New Curiouser And Curiouser About “An Honest Liar” – And New Classroom Modules For Teaching Skeptically!

This will be one of several sporadic updates – because despite claims that the FTB site will be minus updates because of a convention, I don’t think that thirty-two bloggers in total will have nothing to say over this weekend. Not when there’s at least two items of cool news I have for you!

[…Except in the highly unlikely situation that someone trips over the server and the site disappears into the ether, or kids insert peanut butter sandwiches into the disk drives of the non-Reason Rally attendees. Besides, doesn’t the forecast call for torrential rain in DC? I hope Tim Minchin has an umbrella for his piano!]

First things first – Two New Classroom Modules Available From The James Randi Educational Foundation. The two modules are The Cottingley Fairies: Examine the Evidence and Dowsing: Science or Pseudoscience and I’m certain you’ll find them a fun and interesting read even if you’re not a teacher or a student, as I really found them enjoyable to contribute to. There’s another one in the works, which will probably be out later in the year.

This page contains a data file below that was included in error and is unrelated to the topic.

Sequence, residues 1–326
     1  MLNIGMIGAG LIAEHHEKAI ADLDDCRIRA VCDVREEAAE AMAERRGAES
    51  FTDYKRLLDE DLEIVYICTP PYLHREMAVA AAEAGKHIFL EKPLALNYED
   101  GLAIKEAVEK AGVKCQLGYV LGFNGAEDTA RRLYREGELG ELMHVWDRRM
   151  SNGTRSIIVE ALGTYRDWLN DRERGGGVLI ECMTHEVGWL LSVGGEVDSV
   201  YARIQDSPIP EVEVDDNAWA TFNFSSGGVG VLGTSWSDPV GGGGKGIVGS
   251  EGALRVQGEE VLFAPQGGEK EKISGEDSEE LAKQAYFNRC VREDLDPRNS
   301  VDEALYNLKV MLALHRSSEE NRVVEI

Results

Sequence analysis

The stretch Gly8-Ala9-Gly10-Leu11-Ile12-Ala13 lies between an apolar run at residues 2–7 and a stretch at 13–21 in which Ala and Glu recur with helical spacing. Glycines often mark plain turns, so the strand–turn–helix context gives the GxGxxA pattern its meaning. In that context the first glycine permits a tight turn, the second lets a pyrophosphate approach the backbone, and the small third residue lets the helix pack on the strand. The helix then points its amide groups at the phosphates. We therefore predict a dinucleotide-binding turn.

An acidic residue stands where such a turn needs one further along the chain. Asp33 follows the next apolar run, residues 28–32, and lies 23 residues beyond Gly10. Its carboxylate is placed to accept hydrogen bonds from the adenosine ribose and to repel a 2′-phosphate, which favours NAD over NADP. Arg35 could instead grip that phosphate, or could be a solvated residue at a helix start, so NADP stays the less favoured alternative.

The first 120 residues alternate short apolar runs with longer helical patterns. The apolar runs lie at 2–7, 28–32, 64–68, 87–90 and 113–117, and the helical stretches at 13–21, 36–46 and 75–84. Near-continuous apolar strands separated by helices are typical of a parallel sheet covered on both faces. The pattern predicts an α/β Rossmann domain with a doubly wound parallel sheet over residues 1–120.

Then – transcript of a killer interviewI previously conducted a Token Skeptic interview with Justin Weinstein and Tyler Measom – now you can read the article for yourself over on my CSICOP’s Curiouser and Curiouser column! James Randi – An Honest Liar:

It’s a funny thing that one of the most influential figures in skepticism has never had his life properly documented in a film. That is about to change.

An Honest Liar will profile the life of famed magician turned professional skeptic James “The Amazing” Randi as he embarks on a series of public crusades to expose America’s beloved psychics, mentalists, preachers, and faith healers with religious fervor. Along the way, the film will show how easily our perceptions can be fooled by magicians, con artists—and even documentaries.

Please do pass on this article to as many as you can, over Facebook, Twitter, email, carrier-pigeon… because the more people know about the project, the more funding they can raise to complete the documentary. Read about Randi to your heart’s content over at the CSICOP website and check out the other articles featured while you’re at it!

Speaking of podcasts, since I’m of the opinion that my readers are more than likely keen podcast-listeners and since both my podcast and the popular Skepticality program featured “A Midsummer Night’s Foxconn“, with interviews that break down the Shakespeare “documentary” Anonymouswith Bob  Blaskiewicz and Eve Sieburt – you might be interested in the CSICOP article with Joe Nickell: Did Shakespeare Write ‘Shakespeare’? Much Ado About Nothing.

Even more James Randi? In Wired – Why Magicians Are a Scientist’s Best Friend:

The immensely talented and popular Penn & Teller long ago joined me as foes of harmful deception, along with other magicians; the president of my foundation, D.J. Grothe, has a background in magic, and many of our associates are professional magicians, as well. They all agree with me that the Society of American Magicians and the International Brotherhood of Magicians should re-establish their once very active investigations of the fakers who claim supernatural powers.